Imagine: A child comes home from cheering for their favorite team at a high school game, and their voice sounds raspy. The next day when they wake up, their voice is gone completely and they can barely speak at all. Sound familiar? Maybe a similar occurrence has happened to you, except it was when you woke up with a bad head cold. This is something we commonly hear people refer to as “losing my voice.”  What people think of as “losing their voice” can range from a hoarse, raspy voice to no voice at all. Have you ever wondered what exactly happens to our body to cause this to happen?

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Tags: Speech, Language, Communication, Voice, talking

Are My Hearing Aids Programmed Correctly?

Laura L. Brady, AuD, CCC-A | Posted on April 04, 2020
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Tags: Speech, Hearing Aid, Audiology, Hearing Aids, Communication, Hearing, Hard of Hearing

More Talking Please! 7 Fun Activities to Promote Speech & Language in the Young Child

Laura L. Brady, AuD, CCC-A | Posted on April 04, 2020

Everyday activities can be opportunities to expand learning – particularly for speech and language. Here are seven easy, familiar options you can do at home with your child that offer speech and language cues. Encourage the child to repeat words or anticipate the next word or sentence. For example, after we put on our socks, what comes next? Shoes.

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Tags: Speech, Language, Communication, Learning, toddler, talking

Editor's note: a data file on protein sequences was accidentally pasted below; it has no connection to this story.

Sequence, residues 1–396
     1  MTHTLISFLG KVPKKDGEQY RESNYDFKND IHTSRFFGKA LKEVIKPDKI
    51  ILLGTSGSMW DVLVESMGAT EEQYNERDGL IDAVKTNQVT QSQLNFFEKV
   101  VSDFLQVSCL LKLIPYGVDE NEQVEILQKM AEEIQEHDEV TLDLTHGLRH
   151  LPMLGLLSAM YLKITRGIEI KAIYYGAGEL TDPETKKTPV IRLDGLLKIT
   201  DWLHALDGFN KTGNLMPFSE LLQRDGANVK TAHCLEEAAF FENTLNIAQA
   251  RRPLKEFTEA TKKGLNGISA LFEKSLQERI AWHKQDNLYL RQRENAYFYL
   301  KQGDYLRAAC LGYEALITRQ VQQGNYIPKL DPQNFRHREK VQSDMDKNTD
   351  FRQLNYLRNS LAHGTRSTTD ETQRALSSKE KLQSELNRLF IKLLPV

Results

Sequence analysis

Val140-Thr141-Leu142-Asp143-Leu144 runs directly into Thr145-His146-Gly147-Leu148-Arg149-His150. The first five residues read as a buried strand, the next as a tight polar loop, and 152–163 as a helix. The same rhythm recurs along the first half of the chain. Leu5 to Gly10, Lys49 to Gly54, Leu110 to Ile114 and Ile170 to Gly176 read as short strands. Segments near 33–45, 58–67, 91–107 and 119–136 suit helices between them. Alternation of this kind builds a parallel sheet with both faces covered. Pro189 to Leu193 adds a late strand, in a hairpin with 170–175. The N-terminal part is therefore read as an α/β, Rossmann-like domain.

"Selective Hearing" - or Hearing Loss?

Laura L. Brady, AuD, CCC-A | Posted on March 03, 2020

Very often, spouses and life-partners will suggest that their loved one has “selective” hearing – a self-made term indicating that they can hear perfectly fine most of the time, but tend not to hear their partner speaking. Is it simply a matter of “tuning out” – or could it be something else?

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Tags: Hearing Aid, Hearing Aids, Communication, Hearing, Hearing Loss Prevention, Support, Hard of Hearing, Hearing Loss

Stroke and Depression Connection

After a stroke, the main focus for the patient, their family, friends, physicians, therapists and other health care professionals is often on their physical aspects. How far can the patient walk? Can the patient still get dressed with the use of just one hand? Can the patient safely swallow food and liquid without coughing or choking?  Will the patient need to use oxygen after discharge to home? These are all issues that are visible and obvious.

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Tags: Communication, Support, Stroke, Caregiving, Brain Injury

Deaf History Month - Facts and Resources

Sharon Dundee | Posted on February 02, 2020

National Deaf History Month is celebrated from March 15 – April 15. It recognizes contributions of deaf and hard of hearing (HoH) people, as well as highlighting the various forms of communication chosen by deaf and HoH individuals – including American Sign Language (ASL). For example – did you know that the football huddle we use today was first started at a college for the deaf in the 1890s so the players could keep their ASL signing hidden from the opposing team?

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Tags: Communication, Deaf, Hard of Hearing, Interpreting, ASL Interpreter